Common law rights may be established based on press release

International
In Reveille LLC v Lazier (WIPO Case D2011-0601, May 15 2011), the producers of the US television programme The Biggest Loser were successful in a complaint brought under the Uniform Domain Name Dispute Resolution Policy (UDRP) against the registrant of 'thebiggestloser.com'.

The Biggest Loser is a television programme broadcast in the United States by the NBC television network. The programme was first broadcast on October 19 2004. However, the producers of the programme, and the complainant in the proceeding, Reveille LLC, had publicly announced the launch of the programme months earlier, on May 25 2004. That announcement had generated substantial publicity for the programme by May 26 2004, as the announcement was widely circulated in major newspapers, television news programmes and over the internet.

That same day, May 26 2004, the respondent, Theodore Lazier, registered the domain name 'thebiggestloser.com'. At various times between 2004 and release of the decision in 2011, the domain name resolved to websites identifying the programme and certain of the complainant’s ancillary services. At the time of the dispute, the domain name resolved to a website which provided information about The Biggest Loser and provided links to content about the programme.

In order to succeed in a dispute under the UDRP, a complainant must prove that:
  • the domain name at issue is identical, or confusingly similar, to a trademark in which the complainant has rights;
  • the registrant has no rights or legitimate interest in respect of the domain name; and
  • the domain name has been registered and is being used in bad faith.
A single panellist under the UDRP had no difficulty in concluding that the domain name was confusingly similar to the mark THE BIGGEST LOSER, which was first registered by the complainant in 2007. The question about when the complainant’s trademark rights arose were deferred to be addressed when considering bad faith. 

The panellist also had no trouble concluding that Lazier had no legitimate interest in the domain name, noting that he had used the domain name in connection with a website that conveyed the appearance of sponsorship, affiliation with, or endorsement by, the complainant.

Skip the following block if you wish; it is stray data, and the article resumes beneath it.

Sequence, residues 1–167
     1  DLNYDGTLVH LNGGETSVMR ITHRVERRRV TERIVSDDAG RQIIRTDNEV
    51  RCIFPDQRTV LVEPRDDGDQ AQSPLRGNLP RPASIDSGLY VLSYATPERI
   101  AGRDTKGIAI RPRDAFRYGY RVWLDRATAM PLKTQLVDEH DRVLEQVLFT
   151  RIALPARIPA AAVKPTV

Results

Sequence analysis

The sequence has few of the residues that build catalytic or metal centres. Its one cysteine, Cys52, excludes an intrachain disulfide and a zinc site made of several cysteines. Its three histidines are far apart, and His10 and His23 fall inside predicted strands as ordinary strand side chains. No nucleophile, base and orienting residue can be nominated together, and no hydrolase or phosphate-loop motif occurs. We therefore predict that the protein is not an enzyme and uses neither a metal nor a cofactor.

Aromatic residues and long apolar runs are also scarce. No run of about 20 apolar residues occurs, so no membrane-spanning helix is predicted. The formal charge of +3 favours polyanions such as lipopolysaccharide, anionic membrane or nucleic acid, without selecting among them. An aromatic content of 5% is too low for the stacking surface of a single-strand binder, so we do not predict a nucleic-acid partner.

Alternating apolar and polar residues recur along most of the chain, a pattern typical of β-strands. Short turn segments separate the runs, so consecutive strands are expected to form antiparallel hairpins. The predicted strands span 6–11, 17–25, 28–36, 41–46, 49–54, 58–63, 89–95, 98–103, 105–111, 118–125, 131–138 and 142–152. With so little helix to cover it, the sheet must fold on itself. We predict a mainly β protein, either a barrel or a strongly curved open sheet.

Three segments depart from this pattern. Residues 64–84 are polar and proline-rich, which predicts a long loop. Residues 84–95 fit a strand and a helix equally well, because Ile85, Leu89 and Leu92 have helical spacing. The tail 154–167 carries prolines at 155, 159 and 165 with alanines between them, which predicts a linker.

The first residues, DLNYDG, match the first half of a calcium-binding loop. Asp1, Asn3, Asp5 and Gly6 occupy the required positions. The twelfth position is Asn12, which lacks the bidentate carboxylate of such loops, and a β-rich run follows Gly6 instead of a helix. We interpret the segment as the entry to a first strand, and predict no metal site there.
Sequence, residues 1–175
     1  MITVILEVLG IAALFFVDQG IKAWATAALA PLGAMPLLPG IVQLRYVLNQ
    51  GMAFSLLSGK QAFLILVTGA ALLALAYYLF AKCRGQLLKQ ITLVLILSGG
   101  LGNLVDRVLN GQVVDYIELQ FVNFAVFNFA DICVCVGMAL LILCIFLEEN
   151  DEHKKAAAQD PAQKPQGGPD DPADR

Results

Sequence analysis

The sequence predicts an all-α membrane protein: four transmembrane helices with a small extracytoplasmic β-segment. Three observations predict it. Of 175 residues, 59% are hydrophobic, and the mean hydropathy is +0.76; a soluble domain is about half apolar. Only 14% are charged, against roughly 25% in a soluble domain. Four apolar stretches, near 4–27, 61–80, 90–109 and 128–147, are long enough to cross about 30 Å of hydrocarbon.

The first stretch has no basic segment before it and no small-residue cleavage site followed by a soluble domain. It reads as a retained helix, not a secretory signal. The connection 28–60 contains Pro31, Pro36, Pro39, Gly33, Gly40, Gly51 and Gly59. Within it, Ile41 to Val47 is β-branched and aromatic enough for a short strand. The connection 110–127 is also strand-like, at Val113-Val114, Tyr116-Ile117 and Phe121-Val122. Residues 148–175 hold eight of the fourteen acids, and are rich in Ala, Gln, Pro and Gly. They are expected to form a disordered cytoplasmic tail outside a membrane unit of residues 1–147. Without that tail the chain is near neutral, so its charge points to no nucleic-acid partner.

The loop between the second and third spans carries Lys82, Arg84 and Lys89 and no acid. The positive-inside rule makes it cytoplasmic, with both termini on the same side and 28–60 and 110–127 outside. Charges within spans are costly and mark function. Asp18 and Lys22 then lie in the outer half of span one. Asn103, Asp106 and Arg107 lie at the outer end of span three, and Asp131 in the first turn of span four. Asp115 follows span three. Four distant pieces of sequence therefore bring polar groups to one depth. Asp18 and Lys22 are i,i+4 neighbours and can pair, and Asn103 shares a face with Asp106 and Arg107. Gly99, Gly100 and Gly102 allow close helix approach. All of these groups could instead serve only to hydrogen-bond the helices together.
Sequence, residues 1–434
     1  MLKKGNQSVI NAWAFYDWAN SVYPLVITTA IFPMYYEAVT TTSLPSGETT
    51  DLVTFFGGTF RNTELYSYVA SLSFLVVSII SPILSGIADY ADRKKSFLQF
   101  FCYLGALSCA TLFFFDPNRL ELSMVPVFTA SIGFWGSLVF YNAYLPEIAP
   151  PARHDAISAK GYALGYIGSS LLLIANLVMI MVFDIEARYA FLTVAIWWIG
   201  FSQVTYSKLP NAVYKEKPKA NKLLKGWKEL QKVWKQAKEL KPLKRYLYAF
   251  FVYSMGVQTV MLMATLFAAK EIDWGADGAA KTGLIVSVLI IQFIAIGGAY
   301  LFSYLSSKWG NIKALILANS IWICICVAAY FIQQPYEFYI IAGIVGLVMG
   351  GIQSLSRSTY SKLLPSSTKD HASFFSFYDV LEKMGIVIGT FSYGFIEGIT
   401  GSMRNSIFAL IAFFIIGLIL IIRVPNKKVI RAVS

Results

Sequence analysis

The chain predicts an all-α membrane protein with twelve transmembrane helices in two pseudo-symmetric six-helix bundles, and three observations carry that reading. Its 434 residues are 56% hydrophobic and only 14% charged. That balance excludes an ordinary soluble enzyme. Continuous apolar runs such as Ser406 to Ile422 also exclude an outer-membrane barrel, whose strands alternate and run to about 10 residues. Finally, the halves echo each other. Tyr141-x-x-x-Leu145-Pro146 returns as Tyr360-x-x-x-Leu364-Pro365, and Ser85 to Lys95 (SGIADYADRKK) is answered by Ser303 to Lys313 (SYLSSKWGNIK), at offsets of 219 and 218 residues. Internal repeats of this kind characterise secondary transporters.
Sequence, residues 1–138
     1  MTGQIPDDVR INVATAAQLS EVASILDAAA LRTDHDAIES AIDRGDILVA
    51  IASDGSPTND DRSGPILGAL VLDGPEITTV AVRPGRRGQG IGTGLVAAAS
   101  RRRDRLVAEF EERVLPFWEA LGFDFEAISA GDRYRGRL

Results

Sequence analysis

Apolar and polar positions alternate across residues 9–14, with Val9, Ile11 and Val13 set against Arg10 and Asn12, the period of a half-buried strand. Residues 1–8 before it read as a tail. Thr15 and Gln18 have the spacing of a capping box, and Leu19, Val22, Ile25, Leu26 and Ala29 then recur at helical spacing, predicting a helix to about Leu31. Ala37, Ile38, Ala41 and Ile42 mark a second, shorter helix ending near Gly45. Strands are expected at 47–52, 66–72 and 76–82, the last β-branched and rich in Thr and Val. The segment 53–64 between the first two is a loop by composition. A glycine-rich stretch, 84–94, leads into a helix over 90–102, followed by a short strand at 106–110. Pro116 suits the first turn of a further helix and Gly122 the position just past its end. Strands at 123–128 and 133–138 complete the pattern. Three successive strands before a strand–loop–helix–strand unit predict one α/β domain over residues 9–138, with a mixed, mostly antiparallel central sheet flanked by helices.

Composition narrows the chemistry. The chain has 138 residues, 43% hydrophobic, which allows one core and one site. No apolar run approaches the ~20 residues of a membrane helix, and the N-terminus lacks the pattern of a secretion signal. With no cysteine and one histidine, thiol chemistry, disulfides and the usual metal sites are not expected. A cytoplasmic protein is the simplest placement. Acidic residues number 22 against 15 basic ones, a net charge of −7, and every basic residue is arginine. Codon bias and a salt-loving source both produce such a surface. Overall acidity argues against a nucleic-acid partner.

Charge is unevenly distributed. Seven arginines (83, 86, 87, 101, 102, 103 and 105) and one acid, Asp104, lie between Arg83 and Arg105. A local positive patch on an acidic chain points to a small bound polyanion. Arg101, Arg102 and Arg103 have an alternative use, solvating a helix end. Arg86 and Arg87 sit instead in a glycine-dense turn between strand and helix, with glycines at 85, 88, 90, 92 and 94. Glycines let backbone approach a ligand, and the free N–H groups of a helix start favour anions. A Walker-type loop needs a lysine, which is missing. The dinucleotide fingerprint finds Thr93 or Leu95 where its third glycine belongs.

Regarding bad faith, the panellist noted the general proposition that a complainant must have established rights in a trademark prior to the registration by the respondent of a domain name in order to prove that the registration was undertaken in bad faith. This would appear to raise a significant problem for the complainant in this case, since, as of the date of registration of the domain name, the complainant had not used THE BIGGEST LOSER in association with any goods or services, having merely made a public announcement of the programme a day earlier. 

The other issue facing the complainant was the descriptive or suggestive nature of THE BIGGEST LOSER. On that point, the panel concluded that it was not descriptive of a television reality show, but rather suggestive.

Regarding use, although the complainant had substantial evidence of use of the mark THE BIGGEST LOSER in the years after the announcement, the only evidence of use of the trademark as of the date of the registration of the domain name was the press announcement, and subsequent media publicity. Nonetheless, the panel concluded that, upon using THE BIGGEST LOSER “in national commerce” on May 25 2004, the complainant had established common law trademark rights. 

Clearly, the panel was influenced by the respondent’s decision to register the domain name the day after the announcement of the television programme (strongly suggesting that the respondent registered it in reaction to the announcement), as well as the manner in which the domain name was used subsequently. The inference of some kind of bad faith (or at least motivation to profit) on the part of the respondent appeared strong. However, the question of whether a press release constitutes use sufficient to establish common law trademark rights is interesting. There are certainly situations where, given the nature of the product launch (eg, if supported by a substantial advertising campaign and tremendous press coverage), it could generate common law rights.

Antonio Turco, Blake Cassels & Graydon LLP, Toronto

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